Old Jomo, Kenya’s first president, spent only one night in Nairobi’s State House and never returned, saying he couldn’t sleep a wink because of the ghosts of colonialists in the 1907 stately edifice of neoclassical architecture designed by Herbert Baker.
His son Uhuru, and Kenya’s forth President seems to have elected to fuata nyayo, preferring to conduct the affairs of state at State House but retiring for the night to his private residence across the road.
Tucked somewhere in President Uhuru Kenyatta’s office inside the vast annals of the State House, Nairobi, is an L-shaped mahogany desk on which the President signs off on some of the country’s most important, and often, most controversial decisions.
On the desk, there are five telephone headsets: two white ones, three black ones. These are connected to cords that run clumsily over the top of the desk on Uhuru’s left side. His left hand is his dominant hand. Next to these five telephone headsets, lies a black cordless satellite phone on a black holder. This bank of telephones connects President Kenyatta to anyone anywhere in the world.
Next to the centre of the L-shaped table, right at the corner, there is a brown marble or ivory statue standing on a marble stand. Next to it, there’s a mahogany executive desk organiser with yellow, white and light-blue papers. And then, on any given day, there is always a shiny tray with two bottles of mineral water — always two little half-litre bottles, not one; not three —, and a glass, turned upside down on a serviette. In between the bottles of water, and the desk organiser, is a black calculator. Yes, a calculator, the big one that accountants and auditors carry around.
As you shift to the front of the desk, there’s a desk calendar; a little mahogany stand with a miniature white globe on it, with pen holders on one end. Here, the expensive ink pens that he signs government documents are placed. More pens — these ones black and gold — sit on a white pen holder, with what looks like bottles of ink. Then, there’s a giant leather writing pad, right in front of the huge black leather chair that he sits on. As your gaze shifts towards the end of the table, you will notice miniature Kenyan flag — not the presidential standard — on a silver table-stand.
All this stationery in the President’s office is part of the annual supply that will this financial year gobble up a huge chunk of the Sh11 million budget that has been allocated to State House, Nairobi under the vote-head “Office and General Supplies and Services”.
Understandably, there’s no “in-tray” or “out-tray” at least on his table. Those familiar with State House operations say, most paperwork is processed by the Chief of Staff and the dozens of secretaries and special advisors, and they mostly get it to the President for his signature.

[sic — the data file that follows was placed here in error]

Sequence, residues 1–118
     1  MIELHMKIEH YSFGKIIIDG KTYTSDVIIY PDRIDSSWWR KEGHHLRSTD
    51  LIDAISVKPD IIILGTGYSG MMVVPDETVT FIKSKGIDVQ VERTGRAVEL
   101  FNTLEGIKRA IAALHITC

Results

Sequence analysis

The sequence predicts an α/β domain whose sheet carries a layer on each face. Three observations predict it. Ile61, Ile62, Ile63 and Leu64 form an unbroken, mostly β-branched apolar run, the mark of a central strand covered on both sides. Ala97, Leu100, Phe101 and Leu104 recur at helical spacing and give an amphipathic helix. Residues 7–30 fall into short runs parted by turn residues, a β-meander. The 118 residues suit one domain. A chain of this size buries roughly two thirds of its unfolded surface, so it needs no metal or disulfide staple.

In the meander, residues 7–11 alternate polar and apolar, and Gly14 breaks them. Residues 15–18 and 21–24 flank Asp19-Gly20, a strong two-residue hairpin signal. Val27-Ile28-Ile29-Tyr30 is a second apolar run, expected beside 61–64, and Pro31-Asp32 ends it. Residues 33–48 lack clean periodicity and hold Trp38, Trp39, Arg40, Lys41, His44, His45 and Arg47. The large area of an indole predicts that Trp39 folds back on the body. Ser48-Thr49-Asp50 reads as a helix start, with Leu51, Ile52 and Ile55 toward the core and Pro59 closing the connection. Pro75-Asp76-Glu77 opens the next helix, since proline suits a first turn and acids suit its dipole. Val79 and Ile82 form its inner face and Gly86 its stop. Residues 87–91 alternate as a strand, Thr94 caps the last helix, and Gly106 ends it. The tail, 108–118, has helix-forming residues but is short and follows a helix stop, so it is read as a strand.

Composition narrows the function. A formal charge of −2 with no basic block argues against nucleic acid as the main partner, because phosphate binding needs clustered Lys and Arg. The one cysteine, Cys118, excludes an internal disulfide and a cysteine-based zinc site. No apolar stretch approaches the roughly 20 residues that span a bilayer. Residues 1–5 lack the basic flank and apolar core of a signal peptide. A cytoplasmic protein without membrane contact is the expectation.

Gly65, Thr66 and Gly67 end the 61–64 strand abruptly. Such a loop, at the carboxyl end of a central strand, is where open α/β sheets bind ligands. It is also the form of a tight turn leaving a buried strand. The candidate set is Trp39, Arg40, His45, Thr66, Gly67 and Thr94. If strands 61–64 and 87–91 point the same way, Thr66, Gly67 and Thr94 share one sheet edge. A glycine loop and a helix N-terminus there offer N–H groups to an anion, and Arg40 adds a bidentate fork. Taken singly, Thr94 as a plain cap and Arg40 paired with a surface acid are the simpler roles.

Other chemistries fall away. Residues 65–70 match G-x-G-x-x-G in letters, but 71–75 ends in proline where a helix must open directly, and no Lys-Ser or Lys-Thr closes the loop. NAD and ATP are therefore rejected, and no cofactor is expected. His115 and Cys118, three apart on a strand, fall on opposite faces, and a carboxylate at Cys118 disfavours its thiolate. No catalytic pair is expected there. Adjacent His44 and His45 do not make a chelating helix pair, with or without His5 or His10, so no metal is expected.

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But even with the multimillion budget for office supplies, the President’s desk looks cluttered, compared with that of President Barack Obama, one of the world’s most powerful figures — whose desk at the Oval Office is usually clear save for a black telephone and a pen holder. Sometimes, just like Uhuru’s desk when he is busy signing bills into law, it is cluttered with papers, but on any given day, all you see is the mahogany top and a black telephone headset.
The clutter on Uhuru’s desk — the statues, the little national flag, the pen holders, the globe, the calendar, the ink bottles, the six telephones and the two water bottles — may appear too much for someone’s desk, but he is the President. Perhaps, they are symbols of power. When he is in the mood, he lets children visit his office, sit on his chair, and admire the toys, while he stands in a corner and marvels at it all.
Whenever President Kenyatta has guests — the way he hosted US President Barack Obama, Pope Francis, South Africa’s Jacob Zuma’s and Prime ministers Narenda Modi (India), Shinzo Abe (Japan) and Benjamin Netanyahu (Israel) — there’s a different room, stately room where he entertains them. But the trouble comes when he has to address journalists.
For the news conferences, the workers at State House have to erect a platform by the doors facing the garden, next to the two giant canons. They cover the platform with a red carpet and decorate it with the Kenyan flag. Then, they erect the flags of the visiting leader side by side with the Kenyan flag and wait for the leaders to emerge from their tête-à-tête.
Whenever they (President Uhuru and his guest) come out to address the media, the sun is usually hot, and they have to squint as they read the black text on the gleaming sheets of white papers, all this time standing behind identical lecterns written “Republic of Kenya”.
Their audience –— usually Cabinet secretaries and journalists — sits on metal-and-sponge chairs, under the shimmering sun, their necks tilted up so that they look the leaders as they pledge “mutual cooperation” in a variety of words.
When dinner arrives, it is also held in giant tents mounted on the State House gardens and the grounds covered by red carpet. In this financial year, the budget for the hospitality of guests at State House is Sh420 million.